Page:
Sunshine Cleaning

Release Date: March 13, 2009

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On the Big Board
Position Staff In Brief
5/21 Jason Lee Beautifully acted and superbly directed. This movie avoids all cliches with a second half that develops organically from the situation and its characters.
12/13 Sean Collier Could've been more. But what was there was enjoyable, with excellent performances.
55/82 Kelly Metz Just....meh.
83/169 Max Braden The story is pretty simple and doesn't offer much other than what's advertised. Adams acts according to plot, but Blunt gets the emotional performance.

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All the money is in blood and guts. This is what the makers of Sunshine Cleaning would have us believe anyway. The premise here is simple. A former high school cheerleader finds herself not quite living the dream while in her 30s. She is frustrated by the way her life has devolved from the height of popularity to being a single mom who pays the bills as a maid. Sadly, she is what qualifies as the good sister from her family. Her younger sister is a burnout whose addiction has forced her to move back in with their father, a guy who has been trying to get rich quick for a period well beyond what anyone could accurately define as quick.

Attempting to make some money to pay for her son's educational needs, older sister Rose convinces younger sister Norah that the real money is in cleaning up after tragedies. Gunshots and explosions may be the only thing that put a smile on Michael Bay's face, but they leave a messy scene of the crime afterward. Few people enjoy scrubbing a good blood splattering off a wall. Because of this, people pay more for those willing to cross the yellow police tape's line of demarcation. Of course, since this is a movie, nothing is ever that simple. Obviously, two sisters who clean up a lot of crime scenes are inevitably going to fine themselves facing all sorts of mafia-related shenanigans. Sure, this may sound absurd but since the sisters are played by Amy Adams and Emily Blunt and the father is portrayed by Alan Arkin, we should all be willing to go with it. Sunshine Cleaning promises to be one of the best acted films of the early half of 2009 if nothing else, and there is a chance for something much better if the storyline isn't as silly as it sounds. (David Mumpower/BOP)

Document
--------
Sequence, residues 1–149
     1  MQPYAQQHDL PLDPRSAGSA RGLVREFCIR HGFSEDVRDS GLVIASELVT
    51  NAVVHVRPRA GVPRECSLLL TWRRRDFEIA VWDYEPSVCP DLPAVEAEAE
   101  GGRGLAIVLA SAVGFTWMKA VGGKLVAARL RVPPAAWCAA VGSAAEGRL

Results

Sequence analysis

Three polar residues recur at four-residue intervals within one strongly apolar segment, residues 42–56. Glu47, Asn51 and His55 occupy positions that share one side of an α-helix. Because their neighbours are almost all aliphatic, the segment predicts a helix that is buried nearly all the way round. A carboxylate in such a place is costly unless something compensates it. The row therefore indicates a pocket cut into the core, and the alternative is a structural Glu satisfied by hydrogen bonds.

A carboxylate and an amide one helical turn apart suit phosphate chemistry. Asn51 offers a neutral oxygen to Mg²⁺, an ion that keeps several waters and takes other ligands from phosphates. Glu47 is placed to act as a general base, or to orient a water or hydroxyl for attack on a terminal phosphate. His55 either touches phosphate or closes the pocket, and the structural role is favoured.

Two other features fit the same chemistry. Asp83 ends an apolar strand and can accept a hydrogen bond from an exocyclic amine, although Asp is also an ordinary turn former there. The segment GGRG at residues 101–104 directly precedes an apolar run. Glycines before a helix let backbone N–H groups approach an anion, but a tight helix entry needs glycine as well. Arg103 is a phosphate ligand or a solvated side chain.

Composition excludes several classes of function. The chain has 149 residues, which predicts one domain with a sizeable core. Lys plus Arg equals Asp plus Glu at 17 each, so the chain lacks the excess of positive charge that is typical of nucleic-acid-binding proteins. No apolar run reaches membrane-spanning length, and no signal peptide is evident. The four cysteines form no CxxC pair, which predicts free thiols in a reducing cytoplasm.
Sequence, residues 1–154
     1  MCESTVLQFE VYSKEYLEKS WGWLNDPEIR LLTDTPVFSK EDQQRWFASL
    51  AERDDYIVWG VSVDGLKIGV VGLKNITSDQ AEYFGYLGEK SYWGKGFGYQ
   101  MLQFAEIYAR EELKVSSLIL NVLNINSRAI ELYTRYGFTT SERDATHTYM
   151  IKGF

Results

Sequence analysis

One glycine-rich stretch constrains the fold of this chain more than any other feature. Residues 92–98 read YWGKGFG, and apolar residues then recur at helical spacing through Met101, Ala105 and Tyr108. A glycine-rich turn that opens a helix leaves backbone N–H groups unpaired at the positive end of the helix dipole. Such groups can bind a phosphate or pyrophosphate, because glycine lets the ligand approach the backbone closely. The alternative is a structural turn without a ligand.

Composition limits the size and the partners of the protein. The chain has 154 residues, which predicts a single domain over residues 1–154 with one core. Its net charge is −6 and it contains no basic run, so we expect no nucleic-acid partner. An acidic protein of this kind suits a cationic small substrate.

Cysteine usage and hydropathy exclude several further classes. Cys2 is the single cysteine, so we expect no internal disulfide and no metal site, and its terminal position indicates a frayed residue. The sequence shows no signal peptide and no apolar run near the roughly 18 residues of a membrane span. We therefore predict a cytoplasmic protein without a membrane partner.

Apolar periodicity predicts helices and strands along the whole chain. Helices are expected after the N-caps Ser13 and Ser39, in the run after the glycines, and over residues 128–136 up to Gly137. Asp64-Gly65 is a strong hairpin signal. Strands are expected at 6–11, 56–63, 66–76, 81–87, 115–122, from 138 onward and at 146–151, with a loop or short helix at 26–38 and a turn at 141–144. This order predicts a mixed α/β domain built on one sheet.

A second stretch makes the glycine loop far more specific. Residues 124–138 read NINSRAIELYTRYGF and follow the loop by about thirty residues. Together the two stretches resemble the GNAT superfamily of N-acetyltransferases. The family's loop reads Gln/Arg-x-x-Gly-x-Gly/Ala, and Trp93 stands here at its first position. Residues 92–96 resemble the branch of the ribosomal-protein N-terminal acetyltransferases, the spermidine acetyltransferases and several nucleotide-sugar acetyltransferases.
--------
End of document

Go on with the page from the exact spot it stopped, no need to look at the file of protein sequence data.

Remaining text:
Vital statistics for Sunshine Cleaning
Main Cast Amy Adams, Emily Blunt, Alan Arkin
Supporting Cast Steve Zahn, Clifton Collins Jr., Mary Lynn Rajskub
Director Christine Jeffs
Screenwriter Megan Holley
Distributor Overture Films
Screen Count 4
Talent in red has entry in The Big Picture


     


 
 

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